Mozambique

Despite recent political stability, low literacy and high poverty rates continue to threaten Mozambique’s development.

With 46% of its population living below the international poverty line of $1.25 a day, poverty remains widespread in the country, dependent primarily of subsistence agriculture. Around 15% of children five years old and younger are malnourished the average life expectancy at birth is just 53 years.

Located on the coast of Southern Africa, and bordered by Tanzania, Malawi, Zambia, Zimbabwe, South Africa and Swaziland, Mozambique is a country with a population of 25.9 million. After five centuries of Portuguese colonization, Mozambique gained its independence in 1975. However, it was not until 1992 that the country experienced political stability.

Our Work in Mozambique

In Africa, The Hunger Project works to build sustainable community-based programs using the Epicentre Strategy. An epicentre is a dynamic centre of community mobilisation and action, as well as an actual facility built by community members. Through the Epicentre Strategy 15,000-25,000 people are brought together as a cluster of rural villages — giving villages more clout with local government than a single village is likely to have and increasing a community’s ability to collective utilise resources. The epicentre building serves as a focal point where the motivation, energies and leadership of the people converge with the resources of local government and non-governmental organisations. Over an eight-year period, an epicentre addresses hunger and poverty and moves along a path toward sustainable self-reliance, at which point it is able to fund its own activities and no longer requires financial investment from The Hunger Project.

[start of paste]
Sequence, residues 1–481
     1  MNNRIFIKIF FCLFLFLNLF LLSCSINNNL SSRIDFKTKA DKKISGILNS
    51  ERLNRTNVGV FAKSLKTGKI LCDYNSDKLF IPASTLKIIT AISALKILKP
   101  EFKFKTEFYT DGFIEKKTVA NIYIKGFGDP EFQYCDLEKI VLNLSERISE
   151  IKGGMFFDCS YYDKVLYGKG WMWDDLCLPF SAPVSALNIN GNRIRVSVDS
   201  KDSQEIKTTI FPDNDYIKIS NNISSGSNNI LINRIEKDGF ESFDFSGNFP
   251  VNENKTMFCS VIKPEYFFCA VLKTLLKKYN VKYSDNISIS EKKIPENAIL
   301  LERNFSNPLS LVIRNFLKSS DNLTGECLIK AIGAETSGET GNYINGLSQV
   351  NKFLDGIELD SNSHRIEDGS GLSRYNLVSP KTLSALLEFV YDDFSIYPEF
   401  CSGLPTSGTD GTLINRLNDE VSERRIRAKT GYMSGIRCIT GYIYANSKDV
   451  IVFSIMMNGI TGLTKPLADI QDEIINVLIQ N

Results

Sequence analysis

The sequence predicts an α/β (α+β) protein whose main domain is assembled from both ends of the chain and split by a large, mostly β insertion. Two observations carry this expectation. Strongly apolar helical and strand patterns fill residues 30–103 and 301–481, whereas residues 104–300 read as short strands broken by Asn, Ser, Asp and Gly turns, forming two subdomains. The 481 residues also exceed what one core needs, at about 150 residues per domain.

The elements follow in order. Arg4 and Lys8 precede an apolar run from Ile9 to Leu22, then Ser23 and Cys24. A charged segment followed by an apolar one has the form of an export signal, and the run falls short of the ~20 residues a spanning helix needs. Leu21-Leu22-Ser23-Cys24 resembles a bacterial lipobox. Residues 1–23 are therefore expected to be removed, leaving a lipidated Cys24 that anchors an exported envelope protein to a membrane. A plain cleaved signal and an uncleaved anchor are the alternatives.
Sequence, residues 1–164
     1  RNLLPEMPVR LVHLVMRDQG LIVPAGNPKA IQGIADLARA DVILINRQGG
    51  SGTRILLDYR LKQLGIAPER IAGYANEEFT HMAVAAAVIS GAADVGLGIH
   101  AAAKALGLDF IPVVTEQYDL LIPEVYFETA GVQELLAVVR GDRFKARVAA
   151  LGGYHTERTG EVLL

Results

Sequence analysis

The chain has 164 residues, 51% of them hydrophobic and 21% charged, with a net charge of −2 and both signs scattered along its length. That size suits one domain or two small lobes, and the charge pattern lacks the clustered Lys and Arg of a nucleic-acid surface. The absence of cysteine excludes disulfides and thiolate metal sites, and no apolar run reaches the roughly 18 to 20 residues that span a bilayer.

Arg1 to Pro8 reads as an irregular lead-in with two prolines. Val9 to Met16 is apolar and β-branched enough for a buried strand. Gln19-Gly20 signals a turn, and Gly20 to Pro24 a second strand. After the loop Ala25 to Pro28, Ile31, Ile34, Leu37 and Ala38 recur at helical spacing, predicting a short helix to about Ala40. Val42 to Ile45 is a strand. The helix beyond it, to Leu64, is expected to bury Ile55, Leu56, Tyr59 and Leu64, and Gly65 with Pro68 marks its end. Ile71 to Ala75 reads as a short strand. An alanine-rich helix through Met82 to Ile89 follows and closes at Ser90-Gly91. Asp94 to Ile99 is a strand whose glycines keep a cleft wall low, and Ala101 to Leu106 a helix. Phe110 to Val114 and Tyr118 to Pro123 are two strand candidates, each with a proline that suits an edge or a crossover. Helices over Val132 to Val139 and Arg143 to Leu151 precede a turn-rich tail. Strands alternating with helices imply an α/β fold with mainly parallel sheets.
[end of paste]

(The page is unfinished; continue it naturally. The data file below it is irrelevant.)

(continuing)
Mozambique has three epicentres. Together, these epicentres serve a total population of 40,884 partners in 9 villages. There are, on average, six female committee members and six male committee members per epicentre.

The Hunger Project has been working in Mozambique since 2006 and is currently empowering community partners in three epicentre areas to end their own hunger and poverty. Through its integrated approach to rural development, the Epicentre Strategy, The Hunger Project is working with community partners to successfully access the basic services needed to lead lives of self-reliance and achieve internationally agreed-upon markers of success, such as the Sustainable Development Goals.

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Photography credits: Banner image – Ivan Barros